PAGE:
Thursday, September 19, 2013

Solid Richmond run should help Newman do well at flat New Hampshire layout

Ryan Newman immediately after Richmond, when he thought he was out
KANNAPOLIS, N.C. (Sept. 18, 2013) – If there truly are races Ryan Newman circles on his calendar at the beginning of each season as races where he and his Stewart-Haas Racing (SHR) team should be the class of the field, there’s no doubt one of those is this weekend.

After all, New Hampshire Motor Speedway in Loudon has been the site of three of Newman’s 17 career NASCAR Sprint Cup Series wins – September 2002 and 2005 and July 2010 – and six of the Quicken Loans driver’s 50 career poles.

In fact, New Hampshire was the site of Newman’s first points-paying Sprint Cup victory during his rookie season in 2002. On that September afternoon, the South Bend, Ind., native started from the pole and dominated the rain-shortened race, leading 143 of 207 laps.

The second victory came three years later in September 2005. Newman, who had narrowly squeaked into the inaugural Chase for the Sprint Cup Championship, used pit strategy to gain the lead late in the race after starting 13th. In the closing laps, he dueled for the lead with now-team owner and teammate Tony Stewart. Newman passed Stewart with two laps remaining and held on to take the win, renewing Newman’s hopes for a run at the championship.

The July 2011 win was a wire-to-wire effort as Newman drove from his No. 1 starting spot to victory lane. Newman led six times for 119 laps in winning from the pole position for just the fourth time in his career.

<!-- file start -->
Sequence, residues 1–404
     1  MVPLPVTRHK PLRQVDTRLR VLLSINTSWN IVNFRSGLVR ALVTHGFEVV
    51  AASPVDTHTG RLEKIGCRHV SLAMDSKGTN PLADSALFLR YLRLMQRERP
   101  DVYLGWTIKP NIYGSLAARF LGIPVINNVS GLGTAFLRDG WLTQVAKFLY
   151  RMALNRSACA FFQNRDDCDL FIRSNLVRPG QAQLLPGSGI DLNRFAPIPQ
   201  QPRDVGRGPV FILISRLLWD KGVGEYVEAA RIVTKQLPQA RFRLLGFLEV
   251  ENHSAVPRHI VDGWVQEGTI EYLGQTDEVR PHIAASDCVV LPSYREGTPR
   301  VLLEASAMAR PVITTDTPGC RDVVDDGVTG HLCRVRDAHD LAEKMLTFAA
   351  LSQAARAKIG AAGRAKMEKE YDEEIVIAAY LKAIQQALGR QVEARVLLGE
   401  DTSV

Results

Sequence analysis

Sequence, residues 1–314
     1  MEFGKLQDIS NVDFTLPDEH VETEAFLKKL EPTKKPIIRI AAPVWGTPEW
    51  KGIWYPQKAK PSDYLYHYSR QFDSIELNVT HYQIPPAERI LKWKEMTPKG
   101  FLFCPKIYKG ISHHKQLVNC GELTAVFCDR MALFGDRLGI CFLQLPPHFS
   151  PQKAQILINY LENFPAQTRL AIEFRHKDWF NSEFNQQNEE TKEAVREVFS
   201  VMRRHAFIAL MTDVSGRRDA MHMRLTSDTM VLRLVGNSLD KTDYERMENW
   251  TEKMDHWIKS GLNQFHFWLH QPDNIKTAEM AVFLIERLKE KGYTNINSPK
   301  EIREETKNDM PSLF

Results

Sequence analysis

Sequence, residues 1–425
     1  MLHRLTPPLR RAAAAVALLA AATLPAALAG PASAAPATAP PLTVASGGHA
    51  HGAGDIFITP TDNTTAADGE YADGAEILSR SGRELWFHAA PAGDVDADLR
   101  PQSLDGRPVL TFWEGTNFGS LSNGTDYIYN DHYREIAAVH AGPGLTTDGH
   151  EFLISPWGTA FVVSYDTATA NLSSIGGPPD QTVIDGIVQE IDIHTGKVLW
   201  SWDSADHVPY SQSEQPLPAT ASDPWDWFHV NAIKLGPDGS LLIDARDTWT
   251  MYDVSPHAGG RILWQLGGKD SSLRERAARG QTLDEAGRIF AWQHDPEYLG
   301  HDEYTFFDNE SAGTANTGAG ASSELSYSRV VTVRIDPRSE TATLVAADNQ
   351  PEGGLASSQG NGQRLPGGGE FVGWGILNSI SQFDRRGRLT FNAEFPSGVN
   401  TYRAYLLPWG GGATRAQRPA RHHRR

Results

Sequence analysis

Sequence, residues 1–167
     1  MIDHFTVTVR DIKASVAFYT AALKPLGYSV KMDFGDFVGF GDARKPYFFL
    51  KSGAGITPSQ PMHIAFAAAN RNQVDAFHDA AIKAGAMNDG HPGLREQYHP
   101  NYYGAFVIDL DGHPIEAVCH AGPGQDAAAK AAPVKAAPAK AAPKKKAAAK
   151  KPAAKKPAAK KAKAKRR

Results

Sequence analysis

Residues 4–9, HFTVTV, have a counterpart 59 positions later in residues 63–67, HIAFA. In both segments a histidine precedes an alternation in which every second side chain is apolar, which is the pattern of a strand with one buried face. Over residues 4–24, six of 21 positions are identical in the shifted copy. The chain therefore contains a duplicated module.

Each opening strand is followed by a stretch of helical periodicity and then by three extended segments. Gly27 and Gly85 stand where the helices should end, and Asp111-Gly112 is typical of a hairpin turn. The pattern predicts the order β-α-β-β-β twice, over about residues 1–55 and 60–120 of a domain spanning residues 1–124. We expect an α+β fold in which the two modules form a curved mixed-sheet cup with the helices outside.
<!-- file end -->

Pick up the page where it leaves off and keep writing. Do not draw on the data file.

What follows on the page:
And that win was all part of a banner weekend for SHR. Newman and Stewart started 1-2 and finished 1-2 as teammate and team owner. The last time a team started 1-2 and finished 1-2 was Hendrick Motorsports in the 1989 Daytona 500. However, the last time a team started 1-2 and finished 1-2 with the same drivers in the same order was back on April 7, 1957, at North Wilkesboro (N.C.) Speedway, where DePaolo Engineering’s Fireball Roberts won from the pole while teammate Paul Goldsmith started and finished second.

So, it makes sense Newman would circle New Hampshire on his calendar each year. The 1.058-mile flat track commonly known as “The Magic Mile” has been the site of some magical moments over Newman’s Sprint Cup career.

As part of the 2013 Chase field, Newman and the No. 39 team are peaking at the right time. Since winning the 20th annual Brickyard 400 at Indianapolis Motor Speedway in July, Newman has scored three top-five finishes and four top 10s, and his only finish worse than 14th came at Bristol (Tenn.) Motor Speedway, where a late-race incident led him to finish three laps down with a badly damaged racecar. And, after opening the Chase with a 10th-place finish at Chicagoland Speedway in Joliet, Ill., last weekend, Newman and his Matt Borland-led team advanced four positions to eighth in the standings, 28 points behind series leader Matt Kenseth.

With his four most recent race wins coming on flat tracks – Phoenix International Raceway in April 2010, New Hampshire in July 2011, Martinsville (Va.) Speedway in April 2012 and Indianapolis in July, Newman is looking forward to coming “home” to New Hampshire this weekend. It always brings back great memories thanks to his previous successes at the track with the ever-present potential to bring additional successes. This weekend, a trip to victory lane in the No. 39 Quicken Loans Chevrolet SS could go a long way in his quest to become the 2013 NASCAR Sprint Cup Series champion.